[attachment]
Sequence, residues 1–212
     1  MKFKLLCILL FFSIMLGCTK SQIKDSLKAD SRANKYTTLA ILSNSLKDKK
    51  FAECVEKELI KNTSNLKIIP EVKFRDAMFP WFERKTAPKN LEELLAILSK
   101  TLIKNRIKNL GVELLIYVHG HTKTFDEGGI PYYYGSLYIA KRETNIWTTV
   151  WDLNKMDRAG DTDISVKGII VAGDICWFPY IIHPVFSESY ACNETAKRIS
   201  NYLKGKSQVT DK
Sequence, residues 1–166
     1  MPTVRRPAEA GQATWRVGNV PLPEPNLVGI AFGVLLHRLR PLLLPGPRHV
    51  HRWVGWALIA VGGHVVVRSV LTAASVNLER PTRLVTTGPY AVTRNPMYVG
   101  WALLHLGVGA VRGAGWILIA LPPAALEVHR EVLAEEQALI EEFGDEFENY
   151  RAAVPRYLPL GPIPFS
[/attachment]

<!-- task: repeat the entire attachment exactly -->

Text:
Sequence, residues 1–212
     1  MKFKLLCILL FFSIMLGCTK SQIKDSLKAD SRANKYTTLA ILSNSLKDKK
    51  FAECVEKELI KNTSNLKIIP EVKFRDAMFP WFERKTAPKN LEELLAILSK
   101  TLIKNRIKNL GVELLIYVHG HTKTFDEGGI PYYYGSLYIA KRETNIWTTV
   151  WDLNKMDRAG DTDISVKGII VAGDICWFPY IIHPVFSESY ACNETAKRIS
   201  NYLKGKSQVT DK
Sequence, residues 1–166
     1  MPTVRRPAEA GQATWRVGNV PLPEPNLVGI AFGVLLHRLR PLLLPGPRHV
    51  HRWVGWALIA VGGHVVVRSV LTAASVNLER PTRLVTTGPY AVTRNPMYVG
   101  WALLHLGVGA VRGAGWILIA LPPAALEVHR EVLAEEQALI EEFGDEFENY
   151  RAAVPRYLPL GPIPFS